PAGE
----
MANAGING CABIN FEVER

MANAGING CABIN FEVER

Sports & Exercise Psychologist David Charlton shares some expert advice on dealing with Lockdown

Right now, an entire generation across the globe are experiencing a new and seriously challenging event.  The coronavirus pandemic has meant that we have all had to make some considerable changes to how we go about our days.

Children aren’t at school therefore many are being looked after by one or both parents or carers.  Leaving many people climbing the walls, and that’s not the children!  As schools are shut teaching staff’s jobs are very different to what they normally would be, where they are frantically putting together learning resources online.  Businesses where possible are operating remotely from people’s homes.  Sadly, many companies are not able to operate as they would like to.

Buzzwords that appear in the media are uncertainty, change, panic, stress, pressure, helpless, worried, anxious and many more.

So how can we get through this difficult time, a positive and resilient mindset is one way and below I’ll talk about 3 other ways to manage your Mental Health.

Why should I manage my Mental Health?

Outbreaks like the Coronavirus (COVID-19), can be very scary and can have a big impact on our mental health.  It is important to stay informed and listen to the right sources.

The government are currently telling us to stay at home and only go outside for food, health reasons, exercise or essential work.  For details see the government website.

What will this mean?

For some people, it won’t be an issue – people who are home birds and who enjoy being in their own company it won’t phase too much.   I’m generalising here, as people’s personalities differ however if you are a runner, cyclist or golfer it may not affect as much as say a footballer, rugby player or hockey player.   Athletes who take part in individual sports are more used to and quite like the peace of training by themselves whereas the team player can sometimes struggle with this as they love being around the group and go on to miss the camaraderie and banter.

If my mental health is suffering what may happen?

You might notice that because of the changes to your daily routine, future worries and social isolation:

  • That you become irritable with loved ones.
  • You may be a little restless or feel stir-crazy.
  • Some people can go on to experience sleepiness
  • Others have problems sleeping at night
  • Many people may feel more angry than normal
  • Feelings of helplessness may be another sign
  • Your body may feel more tired and tense than normal

So what should you do:

1. Focus on one day at a time
Getting ahead of yourself and spending too much time in the future can make you feel overwhelmed and helpless. So look to create your future through putting in place helpful daily routines, contributions, achievements and results.
For example, look to eat a balanced, healthy diet or so some exercise first thing in the morning.

2. Focus and set yourself some daily and weekly goals
Goal setting is a tried and tested method which many athletes and fitness fanatics use regularly. It can be very motivational and help to give you confidence. I’d encourage you to give it a go and use the SMART principles, Specific, Measurable, Attainable, Realistic and Time Framed.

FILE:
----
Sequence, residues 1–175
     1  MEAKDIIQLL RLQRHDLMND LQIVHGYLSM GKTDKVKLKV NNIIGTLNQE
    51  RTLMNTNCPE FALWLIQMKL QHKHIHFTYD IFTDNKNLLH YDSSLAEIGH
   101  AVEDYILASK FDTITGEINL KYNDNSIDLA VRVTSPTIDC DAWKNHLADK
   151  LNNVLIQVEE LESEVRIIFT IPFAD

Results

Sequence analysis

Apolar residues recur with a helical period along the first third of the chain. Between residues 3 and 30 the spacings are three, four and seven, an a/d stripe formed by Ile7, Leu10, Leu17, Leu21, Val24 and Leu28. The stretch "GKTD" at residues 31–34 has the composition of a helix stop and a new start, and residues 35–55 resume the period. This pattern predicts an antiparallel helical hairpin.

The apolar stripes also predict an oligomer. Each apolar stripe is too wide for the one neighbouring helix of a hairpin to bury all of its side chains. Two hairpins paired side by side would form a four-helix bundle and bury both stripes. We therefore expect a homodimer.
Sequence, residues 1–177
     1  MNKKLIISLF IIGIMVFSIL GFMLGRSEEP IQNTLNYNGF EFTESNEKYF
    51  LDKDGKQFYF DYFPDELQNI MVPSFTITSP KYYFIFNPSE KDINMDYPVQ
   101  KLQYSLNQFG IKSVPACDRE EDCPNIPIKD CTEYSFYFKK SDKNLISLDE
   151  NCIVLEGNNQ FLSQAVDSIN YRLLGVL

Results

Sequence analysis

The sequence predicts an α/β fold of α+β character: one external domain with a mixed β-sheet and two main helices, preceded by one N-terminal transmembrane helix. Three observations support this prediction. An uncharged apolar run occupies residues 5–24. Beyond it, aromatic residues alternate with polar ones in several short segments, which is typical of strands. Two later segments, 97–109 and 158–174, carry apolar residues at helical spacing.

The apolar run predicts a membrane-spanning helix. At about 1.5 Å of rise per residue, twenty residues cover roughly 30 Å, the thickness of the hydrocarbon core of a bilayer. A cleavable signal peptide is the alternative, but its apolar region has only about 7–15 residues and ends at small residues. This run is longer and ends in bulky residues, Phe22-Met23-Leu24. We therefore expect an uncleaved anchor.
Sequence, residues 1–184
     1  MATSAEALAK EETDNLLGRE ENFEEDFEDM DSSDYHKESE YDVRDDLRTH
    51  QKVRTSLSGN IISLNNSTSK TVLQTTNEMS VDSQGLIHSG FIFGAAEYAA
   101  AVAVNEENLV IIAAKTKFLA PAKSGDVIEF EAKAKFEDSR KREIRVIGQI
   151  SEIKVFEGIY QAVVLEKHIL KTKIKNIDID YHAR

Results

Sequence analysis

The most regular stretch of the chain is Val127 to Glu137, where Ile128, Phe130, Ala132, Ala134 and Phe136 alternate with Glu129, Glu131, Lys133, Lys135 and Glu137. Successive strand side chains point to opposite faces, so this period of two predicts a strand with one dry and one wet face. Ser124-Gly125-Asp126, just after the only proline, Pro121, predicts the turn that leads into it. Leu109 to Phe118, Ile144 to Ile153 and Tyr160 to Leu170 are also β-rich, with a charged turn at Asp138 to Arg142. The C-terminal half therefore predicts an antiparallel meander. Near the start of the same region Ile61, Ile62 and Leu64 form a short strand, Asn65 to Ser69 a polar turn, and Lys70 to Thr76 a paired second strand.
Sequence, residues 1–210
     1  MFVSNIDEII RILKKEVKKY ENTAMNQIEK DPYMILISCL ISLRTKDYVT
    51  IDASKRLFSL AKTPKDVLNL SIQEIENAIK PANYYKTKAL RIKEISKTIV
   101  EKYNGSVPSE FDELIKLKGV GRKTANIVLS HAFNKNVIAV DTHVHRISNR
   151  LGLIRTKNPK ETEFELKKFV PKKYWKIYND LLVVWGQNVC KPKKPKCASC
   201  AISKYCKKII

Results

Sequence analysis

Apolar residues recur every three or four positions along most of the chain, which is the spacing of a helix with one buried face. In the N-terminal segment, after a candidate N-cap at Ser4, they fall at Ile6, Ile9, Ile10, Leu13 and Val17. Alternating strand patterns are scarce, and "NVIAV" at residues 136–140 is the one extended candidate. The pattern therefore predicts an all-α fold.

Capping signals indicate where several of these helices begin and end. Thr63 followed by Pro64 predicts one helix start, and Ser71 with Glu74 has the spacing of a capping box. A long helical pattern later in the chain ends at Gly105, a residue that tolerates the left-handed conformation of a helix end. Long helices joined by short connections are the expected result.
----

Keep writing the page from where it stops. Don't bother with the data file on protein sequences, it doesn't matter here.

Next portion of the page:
You may even want to follow my lead.
My goals for last week were to do 20 minutes of indoor body weight exercises every day around my work and looking after 2 young boisterous boys. In the sessions, I went on to challenge myself with 40 mountain climbers and 40 press ups each day. As a result, I feel like I’ve achieved something and feel pretty good in myself and I’m now looking forward to attempting 45 of both exercises each day this week.

3. Focus on what’s available to you
When difficulties arise, it’s very easy to look at the things missing in your life. Be that being able to go to the gym, go out to work, train or practice your sport, grab a coffee in a costa with friends, go shopping for some nice clothes (if that’s your thing – it’s not mine!), go off hiking for a day.

By looking at the things that you cannot do it can paralyse you into feeling helpless. Where you find it very difficult to make decisions and take action. So when it comes down to fitness and exercise I’d encourage you to think about what is available to you.

You’ll likely have enough room to lie down? If that’s the case you’re in business. You can do many body weight exercises where no equipment is needed.

Perhaps you don’t own any weights but have a rucksack in the wardrobe – could you fill it with some tins or other items to add some weight so that you can do some lifting or more difficult squats.

Do you have space in your garden to do some shuttle runs if you can’t get out for a run because of small children.

Or may be you’re one of the lucky ones and have a rusty old treadmill, rowing machine or exercise bike in your house? Get using it!

Why should I bother exercising regularly?

Scientific evidence tells us that exercising is good for our mental health in the following ways:

• General Well Being
With improved mental health there is likely to be a short term benefit that will reinforce your exercise training. In other word’s if you make daily exercise a priority you’ll remain more motivated, you’ll have increased energy levels, lower stress levels and your mood will likely be lifted after exercise too.